London: British lawmakers on Wednesday approved a sweeping bill that will dramatically curb migrants’ ability to seek asylum in the U.K., despite critics’ allegations that it breaks international law.
Members of the House of Commons voted by 289 to 230 to back the Illegal Migration Bill, which the Conservatives government says will deter tens of thousands of people from trying to reach the country in small boats across the English Channel each year.
It now goes to the House of Lords, where it faces strong opposition — though the unelected upper chamber of Parliament can only amend, not block, the legislation.
The large Conservative majority in the Commons ensured its passage there, despite opposition condemnation and claims legislators had not had enough time to scrutinize the legislation.
“This government has sought to railroad this deplorable, disgusting bill through the House of Commons,” said Stephen Flynn of the opposition Scottish National Party.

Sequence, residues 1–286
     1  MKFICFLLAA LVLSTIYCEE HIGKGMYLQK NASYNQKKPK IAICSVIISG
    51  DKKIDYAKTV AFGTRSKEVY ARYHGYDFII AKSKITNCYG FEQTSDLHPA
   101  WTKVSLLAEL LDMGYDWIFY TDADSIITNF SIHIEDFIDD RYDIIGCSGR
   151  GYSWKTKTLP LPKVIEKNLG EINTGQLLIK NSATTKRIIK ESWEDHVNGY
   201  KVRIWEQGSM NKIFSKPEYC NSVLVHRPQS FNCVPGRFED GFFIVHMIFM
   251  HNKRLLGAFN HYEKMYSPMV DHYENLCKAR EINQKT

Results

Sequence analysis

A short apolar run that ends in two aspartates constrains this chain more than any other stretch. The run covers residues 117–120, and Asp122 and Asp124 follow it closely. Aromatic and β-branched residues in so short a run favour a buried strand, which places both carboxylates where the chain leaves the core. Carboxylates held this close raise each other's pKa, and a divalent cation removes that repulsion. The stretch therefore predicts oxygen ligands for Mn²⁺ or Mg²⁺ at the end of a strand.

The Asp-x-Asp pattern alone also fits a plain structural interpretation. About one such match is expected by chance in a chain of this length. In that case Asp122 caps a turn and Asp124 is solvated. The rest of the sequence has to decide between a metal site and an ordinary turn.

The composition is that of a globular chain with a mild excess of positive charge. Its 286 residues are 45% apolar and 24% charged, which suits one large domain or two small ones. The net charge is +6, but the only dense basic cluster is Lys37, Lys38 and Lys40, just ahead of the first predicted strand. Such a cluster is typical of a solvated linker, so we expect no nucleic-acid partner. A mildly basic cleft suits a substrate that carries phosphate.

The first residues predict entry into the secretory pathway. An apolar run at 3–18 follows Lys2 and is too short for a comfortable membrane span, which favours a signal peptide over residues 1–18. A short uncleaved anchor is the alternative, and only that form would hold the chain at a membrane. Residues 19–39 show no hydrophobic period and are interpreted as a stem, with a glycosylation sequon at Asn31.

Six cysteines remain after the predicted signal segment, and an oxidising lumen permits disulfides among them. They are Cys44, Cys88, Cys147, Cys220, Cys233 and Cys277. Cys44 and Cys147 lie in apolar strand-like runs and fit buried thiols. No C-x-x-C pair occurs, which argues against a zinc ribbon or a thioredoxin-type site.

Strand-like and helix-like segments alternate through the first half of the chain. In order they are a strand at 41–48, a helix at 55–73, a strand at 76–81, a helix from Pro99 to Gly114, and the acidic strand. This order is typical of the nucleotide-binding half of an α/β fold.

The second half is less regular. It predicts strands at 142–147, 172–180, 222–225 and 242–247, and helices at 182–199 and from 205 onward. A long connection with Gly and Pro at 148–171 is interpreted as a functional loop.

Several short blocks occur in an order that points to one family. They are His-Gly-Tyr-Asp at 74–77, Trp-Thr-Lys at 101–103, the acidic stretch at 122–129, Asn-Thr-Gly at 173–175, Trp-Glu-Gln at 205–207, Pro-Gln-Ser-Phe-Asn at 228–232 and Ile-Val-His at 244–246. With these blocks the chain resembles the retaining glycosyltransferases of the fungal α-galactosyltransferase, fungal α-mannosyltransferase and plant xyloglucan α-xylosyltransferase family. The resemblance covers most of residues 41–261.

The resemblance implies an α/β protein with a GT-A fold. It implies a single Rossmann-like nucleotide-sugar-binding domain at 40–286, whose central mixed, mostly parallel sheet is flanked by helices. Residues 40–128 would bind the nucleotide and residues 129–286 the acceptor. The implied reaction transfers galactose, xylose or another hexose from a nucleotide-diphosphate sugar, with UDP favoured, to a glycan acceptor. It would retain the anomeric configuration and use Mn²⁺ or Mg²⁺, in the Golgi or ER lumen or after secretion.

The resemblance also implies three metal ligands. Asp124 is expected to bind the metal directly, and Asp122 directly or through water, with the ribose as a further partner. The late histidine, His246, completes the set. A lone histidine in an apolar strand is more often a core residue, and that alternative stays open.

The legislation bars asylum claims by anyone who reaches the U.K. by unauthorized means, and compels the government to detain and then deport them “to their home country or a safe third country.” They would be banned from ever reentering the U.K.
Lawmakers rejected several opposition amendments that would have watered down the bill, including changes to exempt pregnant women and children from detention.
Immigration Minister Robert Jenrick said the bill is designed to send the message that “if you enter the United Kingdom illegally, you will not be able to build a life here.”
Critics say the plan is unethical and unworkable. They say people fleeing war and persecution can’t be sent home, and a U.K. plan to deport asylum-seekers to Rwanda is mired in legal challenges, so migrants are set to languish in U.K. detention with no way out.
The bill also bars migrants who are victims of human trafficking from using Britain’s modern slavery laws to prevent deportation.
The government says the U.K. has taken in almost half a million asylum seekers since 2015, and has promised to establish more legal paths to asylum, adding to those set up for people from Afghanistan, Hong Kong and Ukraine.
In a bid to win support from Conservatives who are uneasy about the bill, Jenrick pledged that new routes would be in place by the end of 2024 at the latest.